You definitely sound like a competent individual; however, MadMark’s point is valid. Try to find someone with lots of experience to “train” you. I did a lot of the learning by myself and had an accident when using improper technique. I got very lucky it wasn’t worse. I just didn’t know any better.

View jdmaher's profile


381 posts in 2002 days

#3 posted 09-08-2016 01:37 PM

I believe tables aw is a wise first priority. Since you’re rightly concerned about safety, you should at look at a SawStop. I don’t have one (I have Delta), but if I were in the market, that’s what I’d look at first. As others have advised, get some training. Before buying my first tables saw, I struck a deal to get 4 hours of instruction from the guy who sold it to me. He was missing two fingers, but he beat safety into my head for all 4 hours. It was enough to get going. 30 years later, I still have all my fingers and I still avoid any move on the tables saw that I have the slightest hesitation about.

I don’t use a jointer, but there have been LOTS of times when I wish I had one. I choose lumber carefully to make sure I can use a sled on my Dewalt planer to flatten one face. And I do straight line rip on the table saw (sometimes hand planing after). If I had the funds, I’d buy a jointer. I’ve never needed more than 13” width on my planer.

I do have 220V circuits, and that supports my 3HP tablesaw easily. I’ve never felt the need, but if I were buying new, I’d consider a 5HP (8/4 maple burns a little for me).

Usually, I advise people to go slow and see how they like woodworking before they buy a lot of equipment. With your DIY experience and interest, I bet you’re gonna love it!

First, and always, stay safe. Lumberjocks is an incredible resource so don’t hesitate to ASK.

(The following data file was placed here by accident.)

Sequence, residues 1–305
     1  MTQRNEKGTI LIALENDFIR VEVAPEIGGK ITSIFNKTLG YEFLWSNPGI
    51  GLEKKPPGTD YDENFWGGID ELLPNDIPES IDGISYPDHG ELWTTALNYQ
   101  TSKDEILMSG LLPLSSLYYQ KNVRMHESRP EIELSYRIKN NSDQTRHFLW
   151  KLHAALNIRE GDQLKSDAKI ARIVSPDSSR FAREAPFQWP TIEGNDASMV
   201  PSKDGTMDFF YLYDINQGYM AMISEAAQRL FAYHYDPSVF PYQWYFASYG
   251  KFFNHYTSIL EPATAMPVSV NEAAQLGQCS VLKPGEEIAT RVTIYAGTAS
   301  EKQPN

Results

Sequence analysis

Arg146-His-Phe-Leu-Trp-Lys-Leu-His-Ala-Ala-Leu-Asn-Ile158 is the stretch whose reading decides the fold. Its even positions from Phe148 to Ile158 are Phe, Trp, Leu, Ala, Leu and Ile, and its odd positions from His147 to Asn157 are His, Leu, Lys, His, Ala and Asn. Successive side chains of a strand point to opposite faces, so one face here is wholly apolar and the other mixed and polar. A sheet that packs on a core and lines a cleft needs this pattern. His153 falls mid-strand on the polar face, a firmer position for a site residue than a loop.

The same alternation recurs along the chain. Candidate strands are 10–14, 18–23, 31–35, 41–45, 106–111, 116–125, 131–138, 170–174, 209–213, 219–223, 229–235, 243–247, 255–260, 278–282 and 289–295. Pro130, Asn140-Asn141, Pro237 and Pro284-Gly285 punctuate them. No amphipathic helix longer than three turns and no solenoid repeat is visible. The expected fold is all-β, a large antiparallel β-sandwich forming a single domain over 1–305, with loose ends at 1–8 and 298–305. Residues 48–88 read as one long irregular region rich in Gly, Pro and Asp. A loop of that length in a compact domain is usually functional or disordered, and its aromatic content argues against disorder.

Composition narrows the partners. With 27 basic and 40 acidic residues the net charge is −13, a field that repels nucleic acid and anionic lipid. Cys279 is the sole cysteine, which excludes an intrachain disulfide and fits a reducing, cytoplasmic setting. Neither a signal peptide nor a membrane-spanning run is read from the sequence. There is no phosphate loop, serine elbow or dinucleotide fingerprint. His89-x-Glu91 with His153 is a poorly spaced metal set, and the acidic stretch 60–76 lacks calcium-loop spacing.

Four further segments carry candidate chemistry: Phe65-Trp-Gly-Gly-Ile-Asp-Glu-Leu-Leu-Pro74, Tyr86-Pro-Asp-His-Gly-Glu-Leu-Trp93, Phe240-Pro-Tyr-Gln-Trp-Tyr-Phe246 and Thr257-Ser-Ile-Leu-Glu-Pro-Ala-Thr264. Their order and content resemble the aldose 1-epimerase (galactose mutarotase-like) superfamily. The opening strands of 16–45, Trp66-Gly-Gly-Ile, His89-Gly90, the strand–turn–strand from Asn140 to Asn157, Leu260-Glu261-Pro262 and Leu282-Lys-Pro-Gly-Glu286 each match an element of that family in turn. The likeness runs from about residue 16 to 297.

-- Jim Maher, Illinois

View rwe2156's profile


2122 posts in 903 days

#4 posted 09-08-2016 02:41 PM

IMO you are on the right track focusing on a quality. However – funds permitting – I would suggest skip the contractor or homeowner type saws and go right to a 3HP cabinet saw. My philosophy is any tool I buy is an investment, not an expense.

I believe all the major brands will do the job for you (Jet, Delta, Grizzly, PM, General and SS).

Personally, I have a Jet Xacta and it was a huge step up from the C’man POJ I was using. After nearly 15 years it has remained rock solid accurate with power to handle any task I throw at it. I believe underpowered TS’s actually increase the risk of injury.

The planer and jointer you mentioned are excellent choices and will do the rough milling task very well.

If you have never used a TS, I STRONGLY urge you to research the safety issues, watch some videos, and attend a live demo. Perhaps a SawStop would be a good consideration for you.

-- Everything is a prototype thats why its one of a kind!!

View GR8HUNTER's profile


997 posts in 135 days

#5 posted 09-08-2016 02:54 PM

I do have 220V circuits, and that supports my 3HP tablesaw easily. I ve never felt the need, but if I were buying new, I d consider a 5HP (8/4 maple burns a little for me).

- jdmaher

maybe you need to use a sharp blade ??


View Bill White's profile

Bill White

4408 posts in 3383 days

#6 posted 09-08-2016 02:56 PM

Some may not agree, but I’m in the Grizz camp with no regrets at all. Price/value is my mantra, and after the purchase service and parts is important.
I wouldn’t touch the once-great Delta brands of today.
Make SURE you understand the tools very well before blasting off. Ya don’t wanna get hurt.
Good luck with your choices.